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Garda witnesses appear before Kenneally commission

The Commission of Investigation examining how allegations of abuse carried out by basketball coach Bill Kenneally were handled has heard from two Garda witnesses.

Ahead of their evidence, Mr Justice Michael White said Bill Kenneally will be back for a cross-examination following his evidence in March.

It is understood that will be in the coming weeks.

Today, retired Chief Superintendent Michael McGarry told the Commission he was the Sergent in charge of Waterford Garda station from the end of 1986 to November 1989 which meant he was responsible for the general running of the station.

Barra McGrory BL, representing some of the victims, questioned Mr McGarry about the procedures that were in place for the reporting of crimes.

Mr McGarry said he was not aware of any allegation of child sexual abuse being made against Bill Keneally during that time.

He was asked about evidence previously heard by the Commission that a complaint was made in December 1987 to former acting Chief Superintendent Seán Cashman.

Mr McGarry said he did not know about that at the time but was subsequently made aware.

He said he would not have been notified about every complaint that was made by an individual who came into the Garda station; unless an investigation was launched.

He told the Commission that some people might seek advice and may not want to make a formal complaint.

The former senior garda described how the “occurrence book” in the station was used to record all instances of reporting and calls to the station.

Ray Motherway BL, representing some of the victims, asked Mr McGarry about a teenage victim who alleged he had made a complaint in person at Waterford Garda Station the day after Kenneally abused him, but was told to go home.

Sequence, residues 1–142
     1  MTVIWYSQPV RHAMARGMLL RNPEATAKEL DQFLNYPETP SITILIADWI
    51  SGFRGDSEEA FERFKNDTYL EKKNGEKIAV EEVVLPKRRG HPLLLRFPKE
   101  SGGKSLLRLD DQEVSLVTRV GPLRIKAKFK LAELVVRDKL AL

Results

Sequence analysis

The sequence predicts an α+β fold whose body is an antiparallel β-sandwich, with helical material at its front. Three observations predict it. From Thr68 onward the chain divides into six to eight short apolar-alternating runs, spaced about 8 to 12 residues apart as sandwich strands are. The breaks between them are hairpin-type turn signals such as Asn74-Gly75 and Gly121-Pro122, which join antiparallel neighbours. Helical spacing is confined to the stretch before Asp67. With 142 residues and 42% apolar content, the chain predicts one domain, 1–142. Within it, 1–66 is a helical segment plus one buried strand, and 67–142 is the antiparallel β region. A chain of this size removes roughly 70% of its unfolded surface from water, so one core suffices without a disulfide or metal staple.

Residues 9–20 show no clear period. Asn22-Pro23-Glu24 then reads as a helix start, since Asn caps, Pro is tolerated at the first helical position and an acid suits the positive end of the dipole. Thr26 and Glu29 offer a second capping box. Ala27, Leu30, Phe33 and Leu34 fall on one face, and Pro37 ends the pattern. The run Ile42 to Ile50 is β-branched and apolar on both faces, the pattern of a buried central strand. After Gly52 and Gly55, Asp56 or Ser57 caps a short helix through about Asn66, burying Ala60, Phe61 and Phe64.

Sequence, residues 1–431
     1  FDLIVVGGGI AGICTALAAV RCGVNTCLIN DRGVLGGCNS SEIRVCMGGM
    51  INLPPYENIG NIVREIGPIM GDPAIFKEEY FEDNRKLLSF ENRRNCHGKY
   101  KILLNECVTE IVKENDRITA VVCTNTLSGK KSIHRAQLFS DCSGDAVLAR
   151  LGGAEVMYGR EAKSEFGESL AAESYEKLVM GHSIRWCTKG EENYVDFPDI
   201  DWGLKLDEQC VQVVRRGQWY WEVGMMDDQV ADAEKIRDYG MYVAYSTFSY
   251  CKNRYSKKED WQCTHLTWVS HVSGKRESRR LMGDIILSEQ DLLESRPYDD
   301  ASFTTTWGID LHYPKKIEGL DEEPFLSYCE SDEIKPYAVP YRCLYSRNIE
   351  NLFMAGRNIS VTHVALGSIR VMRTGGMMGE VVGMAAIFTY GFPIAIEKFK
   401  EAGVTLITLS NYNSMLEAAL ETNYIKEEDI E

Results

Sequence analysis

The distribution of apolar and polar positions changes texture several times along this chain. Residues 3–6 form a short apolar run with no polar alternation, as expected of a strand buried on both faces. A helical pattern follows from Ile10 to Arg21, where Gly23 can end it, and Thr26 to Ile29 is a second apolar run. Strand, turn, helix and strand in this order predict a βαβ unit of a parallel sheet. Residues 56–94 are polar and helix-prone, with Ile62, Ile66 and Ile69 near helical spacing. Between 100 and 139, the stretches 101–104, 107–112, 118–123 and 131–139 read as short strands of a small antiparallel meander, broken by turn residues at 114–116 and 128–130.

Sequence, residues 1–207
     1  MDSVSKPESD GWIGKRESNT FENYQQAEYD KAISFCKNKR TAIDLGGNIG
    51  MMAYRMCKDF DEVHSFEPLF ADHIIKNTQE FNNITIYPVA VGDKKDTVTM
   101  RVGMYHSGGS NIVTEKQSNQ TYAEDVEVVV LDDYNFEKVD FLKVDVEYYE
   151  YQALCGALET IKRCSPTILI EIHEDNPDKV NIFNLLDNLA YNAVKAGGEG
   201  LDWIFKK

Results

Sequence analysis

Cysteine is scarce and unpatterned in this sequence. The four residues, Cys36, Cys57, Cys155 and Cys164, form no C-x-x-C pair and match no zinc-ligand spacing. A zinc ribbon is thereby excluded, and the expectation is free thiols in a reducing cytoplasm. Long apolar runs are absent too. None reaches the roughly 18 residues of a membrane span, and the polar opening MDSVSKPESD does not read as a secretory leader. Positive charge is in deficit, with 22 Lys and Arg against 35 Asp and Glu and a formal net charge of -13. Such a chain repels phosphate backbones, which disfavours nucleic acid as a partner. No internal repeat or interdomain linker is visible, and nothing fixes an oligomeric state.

Mr Motherway asked Mr McGarry whether he would have expected a report like that to be recorded somewhere, and if there was a statutory requirement to do so.

Mr McGarry said he would expect that a report like that would have been directed to a member of the investigative branch.

The Commission is also hearing from a witness from the Department of Health about the development of public policy around child sexual abuse.

Documents relating to the prevalence of child sex abuse in the early 1980s and need for specialised units to help victims are being referred to at the hearing.

Search of Kenneally’s home

Garda Sergeant Edmund Flynn, who is now serving in Tramore, attended a search of Bill Kenneally’s home in December 2012.

Barra McGrory BL, representing some of the victims, asked if Sgt Flynn was aware of a side office in any of the rooms he searched – he said he was not and that the only rooms he searched were the front room and rear bedroom.

Sgt Flynn confirmed he and his colleagues had been told in advance of the search to look out for orange twine.

He confirmed there were a number of items seized at the property but that he did not see any of them.

Sgt Flynn told the hearing that at the time of the original search of Bill Kenneally’s house, he was not aware of any of the facts of the case – that it was at a later stage he became aware that he was personally known to a number of the victims.

Mr Justice Michael White asked whether a senior investigating officer was at the first search, to which Sgt Flynn said, no.

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